Wednesday, 12 July 2017

The Greeks have a word
for it: (15) Europe

A troika of flags at the entrance to Arkadi Monastery: the European Union, the Ecumenical Patriarchate and Greece (Photograph: Patrick Comerford, 2017)

Patrick Comerford

Outside the castellated walls of the Monastery of Arkadi, three flags fly side-by-side in the summer breeze greeting new arrivals at the car park: the flags of the European Union, the Ecumenical Patriarchate and Greece.

The middle flag is an interesting reminder that this monastery and the Church of Crete are not part of the Church of Greece but come under the direct jurisdiction of the Ecumenical Patriarch of Constantinople.

Irish people who are concerned with the symbolism of flying national flags on church premises today [12 July] may take a second look at a national flag flying so proudly at the entrance to a monastery. But Orthodoxy has always been intertwined with Greek national identity and pride.

The Greek flag is known popularly to as the ‘sky-blue-white or the ‘blue-white’ (Γαλανόλευκη or Κυανόλευκη). Its nine stripes of blue and white represent the nine syllables of the slogan Ελευθερία ή Θάνατος (‘Freedom or Death’). These are the words said to have been on the lips of people who died in Arkadi in the horrific explosion in 1866. Captain Michalis, the novel by Nikos Kazantzakis on the Cretan struggle for independence, was subtitled Freedom or Death, and it was published under this name in Britain and other countries.

The EU flag may also come as a surprise to some visitors. Greeks have suffered severely under the present programmes of austerity, and when they do not blame corruption in the public sector for their present woes, they regularly lay the blame at the Troika, and more particularly at the EU, especially Germany and the German Chancellor, Angela Merkel.

But like many public projects in Greece, the restoration of Arkadi and the opening of the monastery’s new museum last year would not have been possible without strong funding from the EU. Greeks know any public spending project is heavily dependent on EU funds, and despite talks of a possible ‘Grexit’ a few years ago, Greeks remain determinedly loyal to the European dream.

Greeks will casually point out that not only did they give Europe democracy, but here in Crete they even point out they gave Europe its very name.

In Greek mythology, Europa (Εὐρώπη, Eurṓpē) was the mother of King Minos of Crete, a woman with Phoenician origin, and the story of her abduction by Zeus in the form of a white bull is a story in Cretan mythology.

The earliest literary reference to Europa is by Homer in the Iliad, which is commonly dated to the 8th century BC. Another early reference to her is in a fragment of the Hesiodic Catalogue of Women discovered at Oxyrhynchus. The earliest vase-painting securely identifiable as Europa dates from mid-7th century BC.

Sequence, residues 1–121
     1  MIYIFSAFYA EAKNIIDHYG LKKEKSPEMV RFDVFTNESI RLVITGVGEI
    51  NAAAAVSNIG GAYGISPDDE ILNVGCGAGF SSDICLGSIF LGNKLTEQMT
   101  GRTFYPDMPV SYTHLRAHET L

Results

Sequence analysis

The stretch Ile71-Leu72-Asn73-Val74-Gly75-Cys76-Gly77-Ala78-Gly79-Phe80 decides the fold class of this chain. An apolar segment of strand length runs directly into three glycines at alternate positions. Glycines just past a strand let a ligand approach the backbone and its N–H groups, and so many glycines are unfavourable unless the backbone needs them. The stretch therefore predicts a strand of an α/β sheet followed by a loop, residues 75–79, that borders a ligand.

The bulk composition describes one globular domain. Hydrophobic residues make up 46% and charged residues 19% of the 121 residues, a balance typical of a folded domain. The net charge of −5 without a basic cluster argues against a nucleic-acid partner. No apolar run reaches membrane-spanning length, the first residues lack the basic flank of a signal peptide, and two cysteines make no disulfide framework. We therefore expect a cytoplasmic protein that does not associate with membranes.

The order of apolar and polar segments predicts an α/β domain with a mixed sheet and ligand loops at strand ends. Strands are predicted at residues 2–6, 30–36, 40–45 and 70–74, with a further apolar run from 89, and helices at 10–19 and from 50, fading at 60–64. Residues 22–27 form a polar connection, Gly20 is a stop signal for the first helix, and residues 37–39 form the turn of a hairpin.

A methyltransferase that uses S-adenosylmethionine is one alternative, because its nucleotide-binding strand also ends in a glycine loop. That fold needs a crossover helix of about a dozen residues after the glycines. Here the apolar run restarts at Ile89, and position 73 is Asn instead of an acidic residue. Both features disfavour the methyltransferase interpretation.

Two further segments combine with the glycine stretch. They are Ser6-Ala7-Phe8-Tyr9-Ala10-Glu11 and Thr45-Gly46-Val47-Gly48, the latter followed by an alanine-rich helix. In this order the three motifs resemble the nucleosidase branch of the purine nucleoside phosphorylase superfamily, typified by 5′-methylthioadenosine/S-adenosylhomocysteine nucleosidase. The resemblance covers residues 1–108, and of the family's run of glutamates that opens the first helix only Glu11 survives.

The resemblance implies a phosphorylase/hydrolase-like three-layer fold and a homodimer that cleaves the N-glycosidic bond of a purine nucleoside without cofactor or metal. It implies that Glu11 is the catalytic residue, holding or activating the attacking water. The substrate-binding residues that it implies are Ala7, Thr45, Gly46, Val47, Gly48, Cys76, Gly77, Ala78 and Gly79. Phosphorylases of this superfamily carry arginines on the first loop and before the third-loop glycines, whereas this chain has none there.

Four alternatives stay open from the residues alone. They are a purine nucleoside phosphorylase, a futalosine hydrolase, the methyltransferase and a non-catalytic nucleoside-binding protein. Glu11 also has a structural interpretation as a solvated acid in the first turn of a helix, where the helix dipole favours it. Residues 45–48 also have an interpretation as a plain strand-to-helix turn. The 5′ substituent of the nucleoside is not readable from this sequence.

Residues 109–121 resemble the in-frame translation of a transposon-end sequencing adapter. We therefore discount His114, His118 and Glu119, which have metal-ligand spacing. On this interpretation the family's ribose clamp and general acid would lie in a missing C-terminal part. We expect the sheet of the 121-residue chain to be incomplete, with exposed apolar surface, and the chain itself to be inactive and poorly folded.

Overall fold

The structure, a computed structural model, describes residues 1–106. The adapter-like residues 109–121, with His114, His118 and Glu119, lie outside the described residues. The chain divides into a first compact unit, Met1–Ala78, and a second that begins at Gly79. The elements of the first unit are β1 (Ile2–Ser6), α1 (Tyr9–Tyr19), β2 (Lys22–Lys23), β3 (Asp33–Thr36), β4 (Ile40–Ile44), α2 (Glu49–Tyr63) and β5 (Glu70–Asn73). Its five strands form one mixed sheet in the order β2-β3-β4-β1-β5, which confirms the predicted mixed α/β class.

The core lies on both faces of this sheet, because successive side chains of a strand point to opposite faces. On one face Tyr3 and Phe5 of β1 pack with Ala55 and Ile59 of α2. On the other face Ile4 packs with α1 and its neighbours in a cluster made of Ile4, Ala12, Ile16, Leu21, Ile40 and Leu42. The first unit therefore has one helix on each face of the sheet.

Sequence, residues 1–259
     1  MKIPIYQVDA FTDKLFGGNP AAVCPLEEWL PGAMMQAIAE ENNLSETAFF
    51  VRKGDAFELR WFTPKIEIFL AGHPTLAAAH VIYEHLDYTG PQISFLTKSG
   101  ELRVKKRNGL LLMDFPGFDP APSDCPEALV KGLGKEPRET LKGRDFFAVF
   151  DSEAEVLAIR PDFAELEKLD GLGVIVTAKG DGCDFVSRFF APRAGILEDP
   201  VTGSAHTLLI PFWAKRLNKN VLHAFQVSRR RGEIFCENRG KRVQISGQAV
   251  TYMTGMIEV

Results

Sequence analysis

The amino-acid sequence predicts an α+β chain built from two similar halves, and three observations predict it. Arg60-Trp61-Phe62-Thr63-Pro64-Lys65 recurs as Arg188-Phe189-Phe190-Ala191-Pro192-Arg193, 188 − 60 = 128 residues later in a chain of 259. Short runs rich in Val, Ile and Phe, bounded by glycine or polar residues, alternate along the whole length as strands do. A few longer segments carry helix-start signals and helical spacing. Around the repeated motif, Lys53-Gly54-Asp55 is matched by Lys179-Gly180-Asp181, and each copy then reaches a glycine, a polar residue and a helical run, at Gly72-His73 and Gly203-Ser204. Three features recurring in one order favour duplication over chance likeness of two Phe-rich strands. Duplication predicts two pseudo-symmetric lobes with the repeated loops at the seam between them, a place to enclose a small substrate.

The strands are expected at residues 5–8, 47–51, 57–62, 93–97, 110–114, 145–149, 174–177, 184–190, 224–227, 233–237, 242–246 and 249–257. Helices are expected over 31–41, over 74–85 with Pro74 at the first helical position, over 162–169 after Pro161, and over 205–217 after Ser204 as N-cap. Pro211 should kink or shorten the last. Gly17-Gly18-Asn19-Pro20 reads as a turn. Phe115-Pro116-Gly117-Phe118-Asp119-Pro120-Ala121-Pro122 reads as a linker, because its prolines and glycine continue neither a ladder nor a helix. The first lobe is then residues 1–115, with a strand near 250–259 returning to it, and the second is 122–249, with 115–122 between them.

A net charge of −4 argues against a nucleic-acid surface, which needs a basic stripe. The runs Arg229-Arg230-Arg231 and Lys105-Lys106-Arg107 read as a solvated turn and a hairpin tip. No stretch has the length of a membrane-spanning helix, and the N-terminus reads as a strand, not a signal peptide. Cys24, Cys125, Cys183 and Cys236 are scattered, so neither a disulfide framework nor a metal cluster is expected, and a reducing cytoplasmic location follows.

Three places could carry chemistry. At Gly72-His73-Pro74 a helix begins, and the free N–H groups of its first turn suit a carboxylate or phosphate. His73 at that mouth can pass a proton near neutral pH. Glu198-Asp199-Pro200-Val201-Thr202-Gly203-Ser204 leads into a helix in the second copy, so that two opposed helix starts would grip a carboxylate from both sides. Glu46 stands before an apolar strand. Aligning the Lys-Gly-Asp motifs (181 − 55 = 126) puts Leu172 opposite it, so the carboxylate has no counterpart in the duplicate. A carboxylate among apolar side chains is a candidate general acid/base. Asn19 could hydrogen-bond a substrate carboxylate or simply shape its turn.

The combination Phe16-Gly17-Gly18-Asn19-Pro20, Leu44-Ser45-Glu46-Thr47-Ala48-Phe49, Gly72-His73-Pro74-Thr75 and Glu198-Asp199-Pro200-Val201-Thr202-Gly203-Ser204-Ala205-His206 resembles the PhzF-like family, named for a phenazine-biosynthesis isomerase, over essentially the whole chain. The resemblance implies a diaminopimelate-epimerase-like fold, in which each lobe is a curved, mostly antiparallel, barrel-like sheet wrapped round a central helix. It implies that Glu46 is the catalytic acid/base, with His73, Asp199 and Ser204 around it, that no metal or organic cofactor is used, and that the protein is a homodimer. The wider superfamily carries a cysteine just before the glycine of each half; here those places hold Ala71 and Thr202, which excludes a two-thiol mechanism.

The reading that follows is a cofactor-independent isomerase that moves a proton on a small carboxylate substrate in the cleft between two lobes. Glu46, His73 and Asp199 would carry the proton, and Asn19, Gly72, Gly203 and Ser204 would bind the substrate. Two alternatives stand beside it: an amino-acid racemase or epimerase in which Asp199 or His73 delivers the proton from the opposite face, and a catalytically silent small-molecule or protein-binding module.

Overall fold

The Greek word Εὐρώπη (Eurṓpē contains the elements εὐρύς (eurus), ‘wide’ or ‘broad,’ and ὤψ/ὠπ-/ὀπτ- (ōps/ōp-/opt-) ‘eye, face, countenance.’ It is common in ancient Greek mythology and geography to identify lands or rivers with female figures.

Europa is first used in a geographic context in the Homeric Hymn to Delian Apollo, in reference to the western shore of the Aegean Sea. As a name for a part of the known world, it is first used in the 6th century BC by Anaximander and Hecataeus.

The name Europe, as a geographical term, was used by Ancient Greek geographers such as Strabo to refer to part of Thrace below the Balkan mountains. Later, during the Roman Empire, the name was given to a Thracian province.

The use of the word ‘Europa’ in Church documents from the eighth century for the imperial territory of Charlemagne provide the source for the modern geographical term Europe.

The first use of the term Europenses, to describe peoples of the Christian, western portion of the continent, appeared in the Hispanic Latin Chronicle of 754, in a reference to the Battle of Tours fought against Muslim forces.

The EU also used Europa as a symbol, depicting her on the Greek €2 coin – replaced by an image of Arkadi on a special commemorative €2 coin last year – and on several gold and silver commemorative coins. The second series of euro banknotes is known as the ‘Europa Series’ and her image can be seen in the watermark and the hologram. Which brings me right back to spending Euros and flying the EU flag at the gates of Arkadi.

Europa on the Greek €2 coin (Photograph: Patrick Comerford, 2017)

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